What is the first record you remember being blown away by?

In high-school, my friend Yasi gave me a tape of Velvet Underground Live. What a gift!! He'd bought it from a dude at the Ashby Flea Market (and I thought it was super rare for a really long time). I played my copy till the tape started to warp and stretch and when it finally disintegrated I found out it was relatively easy to find: the double album with the weird butt on the cover.

When did you start writing songs? 

Last month, I played a concert in New York and was reunited with a childhood friend who reminded me of our "Careless Whisper" tribute. I was seven and she was five. I don't know if that counts, but the song was called "Pictures Taken When We Were Young (When Our Love Had Just Begun)" and had the lyric "it's hard to believe our love began to slow." Whoa.

I made some gothic synthesizer tracks in High School, then dropped the ball for four years.

What kind of stuff were you listening to in high school?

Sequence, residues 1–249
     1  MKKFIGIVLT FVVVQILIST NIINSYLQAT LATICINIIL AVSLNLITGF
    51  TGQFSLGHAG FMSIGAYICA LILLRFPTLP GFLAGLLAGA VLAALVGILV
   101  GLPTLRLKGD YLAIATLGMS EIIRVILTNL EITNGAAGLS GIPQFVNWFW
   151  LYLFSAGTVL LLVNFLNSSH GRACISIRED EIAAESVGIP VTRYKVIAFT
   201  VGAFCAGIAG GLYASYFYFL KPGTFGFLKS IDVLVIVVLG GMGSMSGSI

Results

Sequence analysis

Tons of college radio, KALX and KUSF when I could get it. On my own I listened to a lot of main-stream pop-y gothic music and random new wave and also smooth Slick Rick. My best friend Lily's brother-in-law owned a record store in Seattle called Fallout that carried only punk and soul records. She supplied me with all kinds of themed mixes like "I'm A No-Count" and "Boogie-N-YR-Butt" -- so excellent!

How entwined with your music is your visual art?  Does one inform the other?  Do you derive inspiration from one and bring it to the other?

Yes, absolutely, the two are cooperative sisters. At the moment I've got my music table on the North side of the room and drafting table on the South. When my eyes get tired, I swivel my chair over to the instruments, so I'm working the same idea but switching up the media.